Basic Biographical Details
|Name: ||James Herbert MacNair |
|Designation: ||Architect |
|Born: ||1868 |
|Died: ||22 April 1955 |
|Bio Notes: ||James Herbert (Bertie) MacNair was born at 18 Ashton Terrace, Glasgow on 23 December 1868, the only son of the coalmaster and shipowner George Best MacNair, who came of a military family, and Frances Dorothy Dixon, who came from Rotherfield in England; there were three daughters. The family moved in 1872 to Birch Bank, Skelmorlie, a house altered for them by John Honeyman whose wife also came of a shipowning family. Herbert was educated at the Collegiate School, Greenock and although Honeyman's son William was sent to Loretto they remained firm friends until the latter's death in 1885. The elder MacNair wanted his son to become an engineer but at the end of his schooling he studied watercolour for a year under a M Haudebert in Rouen prior to being articled to John Honeyman in 1888. There he became a friend of Honeyman's new partner John Keppie and of Charles Rennie Mackintosh who arrived in the office in April of the following year. They travelled together to supervise the firm's work at Achamore on Gigha and to Iona, and were frequent weekend guests of the Keppies at Prestwick and Dunure. There MacNair became part of the predominantly female circle of artists centred on Jessie Keppie which called itself The Immortals and included his future wife, Frances Macdonald. He also studied at Glasgow School of Art from 1889 to 1894 and from 1895 to 1896. |
While in Honeyman & Keppie's office MacNair developed a marked interest in furniture design in parallel with Mackintosh. When he left at the end of his articles in 1894 he set up a studio and workshop at 225 West George Street, Glasgow as interior decorator, furniture designer and maker, graphic artist and watercolourist rather than as architect. This was moderately successful and produced some important furniture; but MacNair lost his stock in a workshop fire in 1897. He then moved to Liverpool as Instructor in Design at the School of Architecture and Applied Art at University College in 1898. By that date he had become engaged to Frances and was, with her older sister Margaret and husband-to-be Charles Rennie Mackintosh, a member of the group known as The Four which had come to wider attention at the Arts and Crafts Society exhibition in London in 1896.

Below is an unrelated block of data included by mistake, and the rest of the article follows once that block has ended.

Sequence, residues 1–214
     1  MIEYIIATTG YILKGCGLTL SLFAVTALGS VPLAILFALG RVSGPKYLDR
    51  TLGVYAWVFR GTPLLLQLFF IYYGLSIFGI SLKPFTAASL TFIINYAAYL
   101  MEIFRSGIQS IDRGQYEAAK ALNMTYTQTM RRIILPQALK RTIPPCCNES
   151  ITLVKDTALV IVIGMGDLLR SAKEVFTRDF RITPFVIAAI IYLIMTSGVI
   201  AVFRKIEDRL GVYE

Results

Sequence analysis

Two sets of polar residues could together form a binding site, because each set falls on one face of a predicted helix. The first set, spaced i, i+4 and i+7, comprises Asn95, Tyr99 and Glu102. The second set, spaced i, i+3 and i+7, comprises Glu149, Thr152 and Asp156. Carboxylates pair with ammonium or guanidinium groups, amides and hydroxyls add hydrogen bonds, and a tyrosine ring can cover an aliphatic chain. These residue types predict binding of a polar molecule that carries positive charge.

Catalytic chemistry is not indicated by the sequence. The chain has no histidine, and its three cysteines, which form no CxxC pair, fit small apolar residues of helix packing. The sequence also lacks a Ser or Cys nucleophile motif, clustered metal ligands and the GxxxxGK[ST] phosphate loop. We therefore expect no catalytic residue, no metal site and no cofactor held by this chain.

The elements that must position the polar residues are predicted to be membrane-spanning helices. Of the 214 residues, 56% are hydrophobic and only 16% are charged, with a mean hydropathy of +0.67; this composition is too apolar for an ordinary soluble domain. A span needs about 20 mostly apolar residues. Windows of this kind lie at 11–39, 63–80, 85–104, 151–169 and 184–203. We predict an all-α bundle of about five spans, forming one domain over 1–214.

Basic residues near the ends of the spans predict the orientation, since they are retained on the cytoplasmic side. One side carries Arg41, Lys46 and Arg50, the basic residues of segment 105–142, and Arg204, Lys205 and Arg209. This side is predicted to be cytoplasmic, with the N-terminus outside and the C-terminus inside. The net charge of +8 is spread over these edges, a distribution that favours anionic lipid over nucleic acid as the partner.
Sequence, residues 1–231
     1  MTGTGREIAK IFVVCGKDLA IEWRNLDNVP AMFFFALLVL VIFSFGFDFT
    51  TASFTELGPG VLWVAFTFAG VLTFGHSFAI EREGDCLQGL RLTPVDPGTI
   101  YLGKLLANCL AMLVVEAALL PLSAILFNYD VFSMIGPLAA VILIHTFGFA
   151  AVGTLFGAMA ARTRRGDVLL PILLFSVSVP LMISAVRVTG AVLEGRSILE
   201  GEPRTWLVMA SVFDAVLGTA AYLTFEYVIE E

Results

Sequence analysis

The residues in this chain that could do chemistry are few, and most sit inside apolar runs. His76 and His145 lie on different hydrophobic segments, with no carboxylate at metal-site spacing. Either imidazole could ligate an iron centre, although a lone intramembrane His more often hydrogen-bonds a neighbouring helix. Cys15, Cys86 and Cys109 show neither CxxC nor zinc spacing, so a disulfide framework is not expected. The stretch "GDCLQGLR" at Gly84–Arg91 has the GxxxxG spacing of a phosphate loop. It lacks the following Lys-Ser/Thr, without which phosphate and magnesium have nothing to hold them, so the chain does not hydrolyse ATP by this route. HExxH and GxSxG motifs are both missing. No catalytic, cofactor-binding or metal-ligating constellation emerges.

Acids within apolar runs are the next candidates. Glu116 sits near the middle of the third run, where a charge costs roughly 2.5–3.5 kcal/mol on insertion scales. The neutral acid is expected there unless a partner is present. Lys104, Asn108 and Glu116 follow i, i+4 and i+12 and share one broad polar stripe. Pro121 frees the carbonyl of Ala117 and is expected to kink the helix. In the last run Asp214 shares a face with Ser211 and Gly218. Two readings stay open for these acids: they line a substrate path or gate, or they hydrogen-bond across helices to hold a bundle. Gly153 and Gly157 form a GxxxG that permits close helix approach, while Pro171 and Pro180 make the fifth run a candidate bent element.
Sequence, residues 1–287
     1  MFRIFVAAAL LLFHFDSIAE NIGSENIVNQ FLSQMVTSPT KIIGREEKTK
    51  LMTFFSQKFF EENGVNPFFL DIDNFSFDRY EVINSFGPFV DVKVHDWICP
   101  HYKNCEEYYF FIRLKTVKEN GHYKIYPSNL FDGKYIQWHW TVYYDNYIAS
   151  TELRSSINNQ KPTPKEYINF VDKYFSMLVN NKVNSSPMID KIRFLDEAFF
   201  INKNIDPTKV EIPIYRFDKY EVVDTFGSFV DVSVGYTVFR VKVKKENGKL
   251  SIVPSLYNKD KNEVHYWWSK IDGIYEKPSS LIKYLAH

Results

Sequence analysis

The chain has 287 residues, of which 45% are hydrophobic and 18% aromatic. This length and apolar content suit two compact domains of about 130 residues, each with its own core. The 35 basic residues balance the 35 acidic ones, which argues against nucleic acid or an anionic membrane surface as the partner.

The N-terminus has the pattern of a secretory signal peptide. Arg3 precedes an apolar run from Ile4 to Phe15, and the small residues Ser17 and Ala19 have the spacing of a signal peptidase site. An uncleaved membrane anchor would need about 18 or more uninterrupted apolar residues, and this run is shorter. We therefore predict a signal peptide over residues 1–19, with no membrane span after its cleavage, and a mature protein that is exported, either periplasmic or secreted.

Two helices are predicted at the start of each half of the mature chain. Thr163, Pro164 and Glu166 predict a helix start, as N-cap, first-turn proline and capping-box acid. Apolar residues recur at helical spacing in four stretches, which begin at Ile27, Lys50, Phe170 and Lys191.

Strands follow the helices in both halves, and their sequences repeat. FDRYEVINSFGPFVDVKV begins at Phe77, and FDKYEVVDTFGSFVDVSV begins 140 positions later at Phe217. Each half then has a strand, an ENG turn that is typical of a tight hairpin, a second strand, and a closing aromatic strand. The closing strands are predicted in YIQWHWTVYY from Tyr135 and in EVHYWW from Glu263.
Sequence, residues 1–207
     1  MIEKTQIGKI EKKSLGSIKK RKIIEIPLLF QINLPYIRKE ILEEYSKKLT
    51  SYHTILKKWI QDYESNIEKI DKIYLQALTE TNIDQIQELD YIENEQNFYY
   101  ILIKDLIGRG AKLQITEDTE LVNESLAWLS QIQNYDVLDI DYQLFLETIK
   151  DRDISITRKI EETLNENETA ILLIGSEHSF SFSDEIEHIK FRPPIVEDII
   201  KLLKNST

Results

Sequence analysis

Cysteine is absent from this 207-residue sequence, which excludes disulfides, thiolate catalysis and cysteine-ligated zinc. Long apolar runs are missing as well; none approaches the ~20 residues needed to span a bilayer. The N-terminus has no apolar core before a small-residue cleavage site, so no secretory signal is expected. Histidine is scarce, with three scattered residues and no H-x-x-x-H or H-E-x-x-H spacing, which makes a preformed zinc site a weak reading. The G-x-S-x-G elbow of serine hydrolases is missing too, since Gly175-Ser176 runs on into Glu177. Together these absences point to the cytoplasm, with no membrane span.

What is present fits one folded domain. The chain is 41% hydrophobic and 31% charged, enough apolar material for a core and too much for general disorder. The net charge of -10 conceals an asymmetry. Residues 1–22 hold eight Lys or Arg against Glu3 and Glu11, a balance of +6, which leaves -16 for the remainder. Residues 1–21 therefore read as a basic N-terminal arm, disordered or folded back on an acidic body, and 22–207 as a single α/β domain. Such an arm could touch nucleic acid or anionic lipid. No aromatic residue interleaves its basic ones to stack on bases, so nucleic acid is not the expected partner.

Herbert and Frances married at Dumbarton on 14 June 1899. Their son Sylvan was born a year later. In Liverpool they redecorated their house which featured in 'The Studio' in 1901, became friends of Augustus John and did a fair amount of private client work. They exhibited at the Vienna Secession in 1900 and at Turin in 1902 but were unable to travel with the Mackintoshes as Sylvan was too small. This run of success terminated when the University College School merged with the Municipal Art School in 1905, MacNair leaving to teach with Frances at the Sandon Studios in the same city; by that date Frances was commuting to Glasgow where she taught a course in embroidery and jewellery. The Sandon Studios were not, however, a success and the MacNairs returned to Glasgow in 1908, initially staying with the Mackintoshes at Florentine Terrace.